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Manchester City Council want devolved power: shame they’re giving it away to unopposed trade deals

Manchester City Council (MCC) decided to reject a proposal for a TTIP/CETA Free Zone, despite the fact these trade deals could seriously undermine the additional powers that the region is pushing for under devolution. MCC declared they would revisit this issue if it re-emerged on the global stage, which seems pretty contradictory given that CETA is due to be voted on imminently.

Campaign for TTIP/CETA free zones

The Council were forced to discuss the issue on the 10 November, after a local government petition led by the Stop TTIP MCR campaign secured 1,400 signatures. The campaigners have spent the last three years ensuring that the people of Manchester are aware of the threat that trade deals such as the Transatlantic Trade and Investment Partnership (TTIP), the Comprehensive Economic and Trade Agreement (CETA) and the Trade in Services Agreement (TiSA) pose to our public services and democracy.

What’s become clear from this campaign is that once people hear about these trade deals they are appalled by the secretive negotiations and frustrated by them being presented as apolitical decisions they need not be consulted on. You can watch Stop TTIP MCR campaign videos  to sense the strength of feeling expressed by the campaigners.

The majority of the case presented to MCC by the campaigners focused on CETA. This trade deal, between the EU and Canada, will be voted on in the European parliament in December or January, with the potential to affect the UK for the next 20 years. This is 20 years regardless of whether we stay in the EU or leave.

Councillor John Flanagan, political lead for this area, said they did not want to “waste much time in this committee as history has overtaken us”. He focused solely on the TTIP negotiations and dismissed the threat posed by other looming trade deals such as CETA and TiSA.

CETA will affect local and regional council decisions

Beyond the known concerns about these trade deals, MCC has reason to be particularly worried about this deal. Greater Manchester is currently pushing for greater powers in health care and increased purchasing powers through the joint commissioning of projects, via the Devo Manc deal. CETA is pulling in the opposite direction.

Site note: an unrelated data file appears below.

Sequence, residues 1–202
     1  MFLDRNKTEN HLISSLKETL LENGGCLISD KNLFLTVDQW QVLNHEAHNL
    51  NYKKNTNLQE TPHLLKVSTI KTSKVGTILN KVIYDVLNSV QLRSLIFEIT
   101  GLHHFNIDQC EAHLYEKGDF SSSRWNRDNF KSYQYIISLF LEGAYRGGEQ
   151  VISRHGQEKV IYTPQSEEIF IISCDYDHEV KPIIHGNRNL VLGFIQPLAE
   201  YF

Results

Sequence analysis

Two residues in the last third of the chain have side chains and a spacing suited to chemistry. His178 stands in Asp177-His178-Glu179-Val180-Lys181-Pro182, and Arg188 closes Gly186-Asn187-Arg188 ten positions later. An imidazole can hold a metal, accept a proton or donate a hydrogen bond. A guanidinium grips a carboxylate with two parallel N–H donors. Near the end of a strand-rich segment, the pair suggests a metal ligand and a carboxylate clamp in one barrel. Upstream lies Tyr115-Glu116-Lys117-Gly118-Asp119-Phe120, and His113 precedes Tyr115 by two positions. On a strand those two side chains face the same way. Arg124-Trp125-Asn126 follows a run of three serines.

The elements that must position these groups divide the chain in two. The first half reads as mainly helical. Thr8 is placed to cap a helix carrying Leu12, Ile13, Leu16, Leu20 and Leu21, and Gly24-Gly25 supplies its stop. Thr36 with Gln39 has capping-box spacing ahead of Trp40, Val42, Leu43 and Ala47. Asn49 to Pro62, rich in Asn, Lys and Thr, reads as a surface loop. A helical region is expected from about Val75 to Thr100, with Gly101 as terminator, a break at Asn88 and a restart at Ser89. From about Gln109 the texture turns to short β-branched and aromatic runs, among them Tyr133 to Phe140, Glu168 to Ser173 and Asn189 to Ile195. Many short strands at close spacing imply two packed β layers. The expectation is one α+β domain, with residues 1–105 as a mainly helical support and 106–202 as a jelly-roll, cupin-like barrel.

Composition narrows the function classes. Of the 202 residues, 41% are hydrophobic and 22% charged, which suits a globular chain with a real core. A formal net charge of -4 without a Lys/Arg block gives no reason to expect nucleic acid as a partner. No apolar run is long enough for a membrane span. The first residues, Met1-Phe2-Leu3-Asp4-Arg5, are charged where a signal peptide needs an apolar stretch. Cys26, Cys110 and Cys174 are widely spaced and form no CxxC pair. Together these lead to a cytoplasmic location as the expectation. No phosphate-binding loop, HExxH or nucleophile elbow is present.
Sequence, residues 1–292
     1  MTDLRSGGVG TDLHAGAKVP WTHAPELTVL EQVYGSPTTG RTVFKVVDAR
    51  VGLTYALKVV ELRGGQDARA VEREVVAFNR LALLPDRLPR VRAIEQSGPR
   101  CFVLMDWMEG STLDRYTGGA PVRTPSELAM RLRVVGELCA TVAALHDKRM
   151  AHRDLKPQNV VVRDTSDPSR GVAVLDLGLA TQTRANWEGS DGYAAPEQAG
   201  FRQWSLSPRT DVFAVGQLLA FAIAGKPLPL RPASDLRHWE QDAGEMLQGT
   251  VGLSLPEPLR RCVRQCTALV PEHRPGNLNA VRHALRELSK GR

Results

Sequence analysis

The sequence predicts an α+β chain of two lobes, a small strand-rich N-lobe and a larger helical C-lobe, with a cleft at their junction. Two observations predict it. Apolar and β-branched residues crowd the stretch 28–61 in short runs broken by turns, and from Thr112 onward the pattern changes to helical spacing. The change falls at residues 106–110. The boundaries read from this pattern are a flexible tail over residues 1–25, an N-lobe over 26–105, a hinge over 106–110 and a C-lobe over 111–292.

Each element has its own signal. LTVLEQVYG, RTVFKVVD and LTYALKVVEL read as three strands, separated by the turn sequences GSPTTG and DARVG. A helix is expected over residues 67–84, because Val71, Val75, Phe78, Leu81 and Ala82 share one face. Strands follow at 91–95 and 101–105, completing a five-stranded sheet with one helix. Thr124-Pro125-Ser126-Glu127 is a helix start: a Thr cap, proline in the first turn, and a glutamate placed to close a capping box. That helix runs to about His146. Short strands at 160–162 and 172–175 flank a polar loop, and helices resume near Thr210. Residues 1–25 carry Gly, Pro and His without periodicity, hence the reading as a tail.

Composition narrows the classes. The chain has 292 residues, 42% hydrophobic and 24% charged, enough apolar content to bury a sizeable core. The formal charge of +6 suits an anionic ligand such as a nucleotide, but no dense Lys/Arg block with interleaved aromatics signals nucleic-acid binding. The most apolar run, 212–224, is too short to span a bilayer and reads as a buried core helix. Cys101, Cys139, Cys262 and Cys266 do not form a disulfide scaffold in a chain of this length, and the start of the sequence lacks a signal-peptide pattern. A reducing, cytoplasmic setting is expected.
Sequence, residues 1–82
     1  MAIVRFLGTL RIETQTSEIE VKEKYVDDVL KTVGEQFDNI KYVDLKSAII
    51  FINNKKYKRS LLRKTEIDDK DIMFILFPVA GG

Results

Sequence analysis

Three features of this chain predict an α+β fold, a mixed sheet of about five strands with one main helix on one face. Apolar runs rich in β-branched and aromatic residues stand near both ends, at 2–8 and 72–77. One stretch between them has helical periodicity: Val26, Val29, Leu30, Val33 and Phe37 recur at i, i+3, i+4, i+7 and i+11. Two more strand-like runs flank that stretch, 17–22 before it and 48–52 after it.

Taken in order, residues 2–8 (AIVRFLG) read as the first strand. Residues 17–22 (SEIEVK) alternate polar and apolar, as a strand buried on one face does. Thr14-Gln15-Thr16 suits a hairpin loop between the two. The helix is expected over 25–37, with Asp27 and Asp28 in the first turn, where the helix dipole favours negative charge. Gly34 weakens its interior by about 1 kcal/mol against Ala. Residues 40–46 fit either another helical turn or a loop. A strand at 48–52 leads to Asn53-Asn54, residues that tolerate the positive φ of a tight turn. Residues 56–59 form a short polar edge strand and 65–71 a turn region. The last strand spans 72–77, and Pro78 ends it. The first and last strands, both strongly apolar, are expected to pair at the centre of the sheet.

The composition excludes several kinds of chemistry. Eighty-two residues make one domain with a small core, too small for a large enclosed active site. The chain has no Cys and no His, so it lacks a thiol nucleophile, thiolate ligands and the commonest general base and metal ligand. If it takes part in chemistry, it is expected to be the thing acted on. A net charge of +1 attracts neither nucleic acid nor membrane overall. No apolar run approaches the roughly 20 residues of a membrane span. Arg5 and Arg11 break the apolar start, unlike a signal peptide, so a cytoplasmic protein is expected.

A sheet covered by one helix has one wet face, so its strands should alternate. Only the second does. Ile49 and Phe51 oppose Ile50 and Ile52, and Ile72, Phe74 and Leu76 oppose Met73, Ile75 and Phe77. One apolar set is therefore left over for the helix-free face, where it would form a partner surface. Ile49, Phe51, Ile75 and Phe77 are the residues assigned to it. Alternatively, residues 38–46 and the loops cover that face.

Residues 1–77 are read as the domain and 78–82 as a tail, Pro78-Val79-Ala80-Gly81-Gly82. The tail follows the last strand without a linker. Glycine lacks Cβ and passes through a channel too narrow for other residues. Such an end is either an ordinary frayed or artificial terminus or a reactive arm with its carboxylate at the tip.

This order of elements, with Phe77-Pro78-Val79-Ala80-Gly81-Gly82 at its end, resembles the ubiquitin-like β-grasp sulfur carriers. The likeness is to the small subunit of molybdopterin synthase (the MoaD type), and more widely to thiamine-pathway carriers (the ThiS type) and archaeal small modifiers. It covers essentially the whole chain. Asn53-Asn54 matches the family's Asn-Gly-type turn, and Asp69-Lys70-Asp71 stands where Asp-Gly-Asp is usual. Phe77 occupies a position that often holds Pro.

CETA will take away local government ability to make democratic decisions around our health care due to the threat posed by the Investment Court System, and place limits on local government procurement rules. Instead of being able to support local small businesses or require social value assurances in purchasing decisions, Manchester would have to open up to competition from large companies from across the world, seriously undermining the value of these kinds of initiatives.

The Council stated that in principle they supported the petition, noting that the Council’s powers in local procurement were of the utmost importance. But they were unwilling to take any action to oppose CETA.

It seemed as though the decision about how the committee was going to vote had already been taken, with not a single word about the imminent threat posed by CETA being listened to. They had decided to only talk about TTIP and were not willing to comment on anything beyond that.

Is this what representative democracy is supposed to look like? Backroom decision making, where the views of regular citizens are not given the time that they deserve?

The fight continues

The campaign to stop these trade deals is far from over in Manchester. Despite Manchester’s Labour dominated council shirking its responsibility, we know that at other levels of the Labour party they are listening. Those concerned about the negative effects of trade deals are looking to us for information to enable an alternative vision of trade. The Manchester-based campaigners will be stepping up their efforts by encouraging everybody to email their MEP to make their feelings known, alongside the millions of protesters across Europe who share our fears. People power cannot and will not be ignored.

 

Laura Williams – Activism officer (Manchester) for Global Justice Now

A version of this article was first published, 12 November 2016, in Global Justice Now

Further Information

Featured image via Flickr

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